He got up slowly, looked both ways and crossed the street. Gravel was imbedded in his scalp, his cheek and along the right side of his body. Where am I he thought? How did I get here?
A car with tinted windows raced around the corner and screamed past him, narrowly missing a car approaching from the opposite direction. Jesus, he said softly and bit down on his tongue, jerking up his head as the pain radiated to his sinuses.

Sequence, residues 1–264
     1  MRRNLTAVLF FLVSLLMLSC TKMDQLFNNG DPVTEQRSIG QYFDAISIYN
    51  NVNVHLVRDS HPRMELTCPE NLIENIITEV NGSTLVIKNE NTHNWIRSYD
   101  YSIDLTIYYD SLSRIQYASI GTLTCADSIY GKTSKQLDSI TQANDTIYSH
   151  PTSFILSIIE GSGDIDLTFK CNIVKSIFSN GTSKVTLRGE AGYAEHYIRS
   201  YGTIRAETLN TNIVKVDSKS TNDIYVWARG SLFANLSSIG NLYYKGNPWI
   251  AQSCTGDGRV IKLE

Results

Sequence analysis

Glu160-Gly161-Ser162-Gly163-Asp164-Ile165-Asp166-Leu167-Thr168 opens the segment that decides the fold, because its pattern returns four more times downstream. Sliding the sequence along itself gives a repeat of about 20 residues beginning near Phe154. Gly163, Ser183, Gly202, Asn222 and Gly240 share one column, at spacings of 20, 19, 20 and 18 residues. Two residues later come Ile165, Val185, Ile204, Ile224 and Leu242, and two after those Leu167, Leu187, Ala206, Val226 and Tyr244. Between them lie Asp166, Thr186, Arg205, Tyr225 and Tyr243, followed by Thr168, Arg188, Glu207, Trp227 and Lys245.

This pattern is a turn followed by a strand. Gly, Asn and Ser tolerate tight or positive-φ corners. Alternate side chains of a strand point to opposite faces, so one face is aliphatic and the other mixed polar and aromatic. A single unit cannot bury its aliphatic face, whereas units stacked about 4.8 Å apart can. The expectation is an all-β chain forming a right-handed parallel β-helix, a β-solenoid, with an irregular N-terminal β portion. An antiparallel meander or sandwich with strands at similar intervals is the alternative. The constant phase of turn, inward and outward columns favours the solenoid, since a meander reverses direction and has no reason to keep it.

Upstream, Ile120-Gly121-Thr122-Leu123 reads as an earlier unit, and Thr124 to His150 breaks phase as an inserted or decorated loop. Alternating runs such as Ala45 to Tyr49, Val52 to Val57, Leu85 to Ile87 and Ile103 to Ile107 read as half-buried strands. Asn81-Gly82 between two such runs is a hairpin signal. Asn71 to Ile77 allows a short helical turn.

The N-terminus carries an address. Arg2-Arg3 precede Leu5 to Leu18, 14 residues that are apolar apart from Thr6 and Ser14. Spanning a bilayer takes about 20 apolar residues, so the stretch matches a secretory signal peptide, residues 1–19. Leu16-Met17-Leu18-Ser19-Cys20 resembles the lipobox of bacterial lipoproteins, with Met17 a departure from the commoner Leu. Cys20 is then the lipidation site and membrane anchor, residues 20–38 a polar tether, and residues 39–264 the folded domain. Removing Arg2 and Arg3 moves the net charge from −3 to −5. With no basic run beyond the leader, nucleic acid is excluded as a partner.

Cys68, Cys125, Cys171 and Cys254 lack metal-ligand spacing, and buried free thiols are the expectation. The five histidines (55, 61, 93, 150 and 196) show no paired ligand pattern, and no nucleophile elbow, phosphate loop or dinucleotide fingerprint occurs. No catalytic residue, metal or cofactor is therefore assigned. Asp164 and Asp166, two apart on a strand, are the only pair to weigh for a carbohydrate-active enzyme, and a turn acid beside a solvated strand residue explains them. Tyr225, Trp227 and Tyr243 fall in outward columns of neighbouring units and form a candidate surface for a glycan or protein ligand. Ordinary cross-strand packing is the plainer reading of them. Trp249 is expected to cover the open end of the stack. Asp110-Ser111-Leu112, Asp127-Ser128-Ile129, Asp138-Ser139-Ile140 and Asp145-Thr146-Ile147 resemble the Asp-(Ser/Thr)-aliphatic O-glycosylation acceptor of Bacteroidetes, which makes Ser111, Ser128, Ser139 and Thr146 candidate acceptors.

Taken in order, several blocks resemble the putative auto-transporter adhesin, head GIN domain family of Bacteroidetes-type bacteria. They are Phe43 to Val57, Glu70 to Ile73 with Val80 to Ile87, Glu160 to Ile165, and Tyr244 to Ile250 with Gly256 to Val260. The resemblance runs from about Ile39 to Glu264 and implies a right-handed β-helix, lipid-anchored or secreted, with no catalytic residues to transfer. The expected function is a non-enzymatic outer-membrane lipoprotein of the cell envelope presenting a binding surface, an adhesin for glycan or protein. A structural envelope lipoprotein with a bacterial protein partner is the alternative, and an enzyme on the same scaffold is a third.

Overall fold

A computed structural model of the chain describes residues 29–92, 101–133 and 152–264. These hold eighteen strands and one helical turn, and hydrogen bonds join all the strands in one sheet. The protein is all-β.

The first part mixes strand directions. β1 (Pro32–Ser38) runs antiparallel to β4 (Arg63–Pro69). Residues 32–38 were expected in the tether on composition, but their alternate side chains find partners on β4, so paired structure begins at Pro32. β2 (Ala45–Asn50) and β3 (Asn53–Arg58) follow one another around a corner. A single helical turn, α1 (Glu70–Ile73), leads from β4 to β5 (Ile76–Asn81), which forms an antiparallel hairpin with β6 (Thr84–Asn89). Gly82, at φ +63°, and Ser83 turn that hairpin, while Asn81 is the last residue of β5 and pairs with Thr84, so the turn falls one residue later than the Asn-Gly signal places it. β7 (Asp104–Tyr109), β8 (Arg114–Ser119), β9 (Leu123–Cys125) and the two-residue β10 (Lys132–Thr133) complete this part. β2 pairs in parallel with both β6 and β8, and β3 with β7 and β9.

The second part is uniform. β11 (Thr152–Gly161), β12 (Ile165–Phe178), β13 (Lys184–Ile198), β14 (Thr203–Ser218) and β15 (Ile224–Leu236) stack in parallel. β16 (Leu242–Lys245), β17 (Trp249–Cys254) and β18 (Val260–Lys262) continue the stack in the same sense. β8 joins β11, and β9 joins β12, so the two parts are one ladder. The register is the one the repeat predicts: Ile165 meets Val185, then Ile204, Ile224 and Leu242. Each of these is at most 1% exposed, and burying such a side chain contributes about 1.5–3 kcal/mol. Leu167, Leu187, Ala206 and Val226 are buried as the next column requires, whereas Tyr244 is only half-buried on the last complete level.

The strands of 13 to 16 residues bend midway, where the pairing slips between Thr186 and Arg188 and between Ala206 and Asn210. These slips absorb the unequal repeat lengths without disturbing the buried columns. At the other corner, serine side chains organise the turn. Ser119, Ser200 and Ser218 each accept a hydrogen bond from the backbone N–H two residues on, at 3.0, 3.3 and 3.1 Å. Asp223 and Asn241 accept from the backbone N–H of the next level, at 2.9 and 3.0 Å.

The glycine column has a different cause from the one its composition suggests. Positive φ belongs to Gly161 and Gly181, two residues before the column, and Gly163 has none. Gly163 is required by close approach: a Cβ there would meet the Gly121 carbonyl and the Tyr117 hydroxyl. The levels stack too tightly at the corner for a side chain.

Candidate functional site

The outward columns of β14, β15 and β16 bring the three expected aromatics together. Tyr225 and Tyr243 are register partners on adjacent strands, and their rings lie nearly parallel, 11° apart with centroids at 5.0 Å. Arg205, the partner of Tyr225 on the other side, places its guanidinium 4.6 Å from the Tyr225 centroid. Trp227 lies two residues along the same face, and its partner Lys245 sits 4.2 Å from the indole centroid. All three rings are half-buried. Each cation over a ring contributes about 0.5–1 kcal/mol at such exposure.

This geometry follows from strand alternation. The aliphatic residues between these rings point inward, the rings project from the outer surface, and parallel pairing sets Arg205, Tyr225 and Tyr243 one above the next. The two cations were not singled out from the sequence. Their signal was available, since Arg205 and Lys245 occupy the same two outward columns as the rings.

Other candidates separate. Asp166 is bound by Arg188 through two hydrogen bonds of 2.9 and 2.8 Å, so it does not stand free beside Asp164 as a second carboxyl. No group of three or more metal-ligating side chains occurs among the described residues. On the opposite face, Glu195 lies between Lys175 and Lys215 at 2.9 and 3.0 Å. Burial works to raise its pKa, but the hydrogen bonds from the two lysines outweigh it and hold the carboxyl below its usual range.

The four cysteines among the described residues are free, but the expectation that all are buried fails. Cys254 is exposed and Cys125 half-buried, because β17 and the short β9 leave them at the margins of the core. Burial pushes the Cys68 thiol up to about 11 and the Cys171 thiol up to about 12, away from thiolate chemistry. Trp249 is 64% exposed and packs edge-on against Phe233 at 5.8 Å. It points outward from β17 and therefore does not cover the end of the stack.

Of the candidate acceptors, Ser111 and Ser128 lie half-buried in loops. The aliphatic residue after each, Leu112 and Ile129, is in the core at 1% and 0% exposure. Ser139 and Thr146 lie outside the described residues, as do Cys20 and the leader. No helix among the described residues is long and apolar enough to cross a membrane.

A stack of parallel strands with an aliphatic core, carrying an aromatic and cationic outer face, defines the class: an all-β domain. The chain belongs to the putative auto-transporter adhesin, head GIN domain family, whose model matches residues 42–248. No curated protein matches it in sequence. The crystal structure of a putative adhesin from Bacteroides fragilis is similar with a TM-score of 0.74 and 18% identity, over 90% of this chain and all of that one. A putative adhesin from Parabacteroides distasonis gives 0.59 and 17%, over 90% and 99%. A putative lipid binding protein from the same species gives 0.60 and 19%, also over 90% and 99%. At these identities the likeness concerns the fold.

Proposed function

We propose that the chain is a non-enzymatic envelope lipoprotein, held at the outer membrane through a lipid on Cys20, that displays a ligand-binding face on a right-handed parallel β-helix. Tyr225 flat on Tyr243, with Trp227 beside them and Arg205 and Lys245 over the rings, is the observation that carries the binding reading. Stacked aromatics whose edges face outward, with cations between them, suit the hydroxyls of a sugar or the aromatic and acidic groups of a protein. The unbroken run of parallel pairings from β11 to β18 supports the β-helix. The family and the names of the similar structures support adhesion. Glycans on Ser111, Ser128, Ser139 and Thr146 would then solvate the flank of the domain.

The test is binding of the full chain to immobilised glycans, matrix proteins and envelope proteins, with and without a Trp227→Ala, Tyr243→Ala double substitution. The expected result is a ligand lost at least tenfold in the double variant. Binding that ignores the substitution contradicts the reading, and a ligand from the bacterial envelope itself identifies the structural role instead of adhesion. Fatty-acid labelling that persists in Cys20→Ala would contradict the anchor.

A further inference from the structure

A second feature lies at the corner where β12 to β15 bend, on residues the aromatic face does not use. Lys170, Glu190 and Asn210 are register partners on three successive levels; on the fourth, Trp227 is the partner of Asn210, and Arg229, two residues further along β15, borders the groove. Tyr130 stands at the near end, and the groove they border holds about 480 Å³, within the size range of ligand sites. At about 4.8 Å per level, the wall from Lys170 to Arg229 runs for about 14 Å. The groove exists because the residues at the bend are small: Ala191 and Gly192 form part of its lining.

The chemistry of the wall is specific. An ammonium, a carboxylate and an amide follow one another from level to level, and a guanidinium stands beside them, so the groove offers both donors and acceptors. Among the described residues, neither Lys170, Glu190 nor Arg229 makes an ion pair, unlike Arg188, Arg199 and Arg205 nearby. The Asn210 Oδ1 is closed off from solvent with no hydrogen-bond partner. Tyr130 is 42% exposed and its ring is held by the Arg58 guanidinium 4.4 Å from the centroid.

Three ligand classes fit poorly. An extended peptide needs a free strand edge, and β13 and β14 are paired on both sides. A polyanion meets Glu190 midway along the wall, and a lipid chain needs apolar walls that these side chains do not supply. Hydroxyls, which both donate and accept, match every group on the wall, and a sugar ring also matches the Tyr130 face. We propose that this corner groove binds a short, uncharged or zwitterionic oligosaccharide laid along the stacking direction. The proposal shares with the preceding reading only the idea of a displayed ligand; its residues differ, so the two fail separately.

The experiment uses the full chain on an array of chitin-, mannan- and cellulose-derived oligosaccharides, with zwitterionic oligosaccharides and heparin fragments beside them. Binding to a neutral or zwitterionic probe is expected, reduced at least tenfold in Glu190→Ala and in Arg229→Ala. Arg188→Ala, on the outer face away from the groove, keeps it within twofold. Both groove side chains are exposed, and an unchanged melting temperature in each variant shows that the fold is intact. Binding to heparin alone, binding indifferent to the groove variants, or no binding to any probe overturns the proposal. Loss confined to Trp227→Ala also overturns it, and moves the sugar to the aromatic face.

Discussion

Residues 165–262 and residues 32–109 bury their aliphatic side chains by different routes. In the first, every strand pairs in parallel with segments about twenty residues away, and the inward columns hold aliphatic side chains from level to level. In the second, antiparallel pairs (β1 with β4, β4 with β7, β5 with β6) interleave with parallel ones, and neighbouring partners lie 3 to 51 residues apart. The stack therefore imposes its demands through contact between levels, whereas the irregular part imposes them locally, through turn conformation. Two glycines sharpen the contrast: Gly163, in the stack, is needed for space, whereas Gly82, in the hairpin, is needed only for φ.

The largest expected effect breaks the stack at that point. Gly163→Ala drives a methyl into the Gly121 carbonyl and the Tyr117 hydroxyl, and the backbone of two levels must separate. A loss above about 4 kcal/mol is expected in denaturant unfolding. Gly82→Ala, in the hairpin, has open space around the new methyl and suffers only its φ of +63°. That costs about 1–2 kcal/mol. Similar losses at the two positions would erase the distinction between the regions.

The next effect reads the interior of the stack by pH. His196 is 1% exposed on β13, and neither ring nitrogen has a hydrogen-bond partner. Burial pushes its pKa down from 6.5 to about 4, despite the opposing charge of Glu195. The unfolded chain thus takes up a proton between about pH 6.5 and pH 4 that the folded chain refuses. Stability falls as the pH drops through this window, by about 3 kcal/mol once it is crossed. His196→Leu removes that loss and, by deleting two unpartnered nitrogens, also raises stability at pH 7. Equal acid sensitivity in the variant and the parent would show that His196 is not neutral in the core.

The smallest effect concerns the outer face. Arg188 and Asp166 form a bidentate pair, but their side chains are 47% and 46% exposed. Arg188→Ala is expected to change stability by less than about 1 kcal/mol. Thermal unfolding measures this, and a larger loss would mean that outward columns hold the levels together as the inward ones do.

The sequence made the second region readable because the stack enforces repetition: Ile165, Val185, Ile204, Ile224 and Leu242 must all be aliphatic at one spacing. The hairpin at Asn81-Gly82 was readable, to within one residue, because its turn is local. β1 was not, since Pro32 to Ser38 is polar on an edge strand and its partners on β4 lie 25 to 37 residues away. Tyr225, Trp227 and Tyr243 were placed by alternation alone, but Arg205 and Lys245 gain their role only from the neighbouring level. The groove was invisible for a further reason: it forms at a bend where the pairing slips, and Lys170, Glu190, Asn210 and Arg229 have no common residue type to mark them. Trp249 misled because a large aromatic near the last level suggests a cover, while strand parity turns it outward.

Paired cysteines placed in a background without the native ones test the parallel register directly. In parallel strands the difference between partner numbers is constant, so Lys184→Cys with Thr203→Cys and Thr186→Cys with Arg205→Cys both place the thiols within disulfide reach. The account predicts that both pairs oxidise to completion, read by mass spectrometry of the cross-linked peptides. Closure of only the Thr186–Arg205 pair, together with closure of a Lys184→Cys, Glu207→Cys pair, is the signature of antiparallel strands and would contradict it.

It was getting dark as he stumbled up onto the sidewalk on the other side of the highway. He saw a campfire on the side of the hill and heard the strings of an acoustic guitar playing a familiar melody from his youth. He paused for a moment at the edge of the bridge, looking up at the lights that illuminated the railings and spilled out into the night.
And then he began to dance. It was an odd sort of dance starting slowly and gracefully and then building to a funny little jig – something a child would do imitating the characters in a cartoon, or an old man with a raucous personality who was tired of being ignored.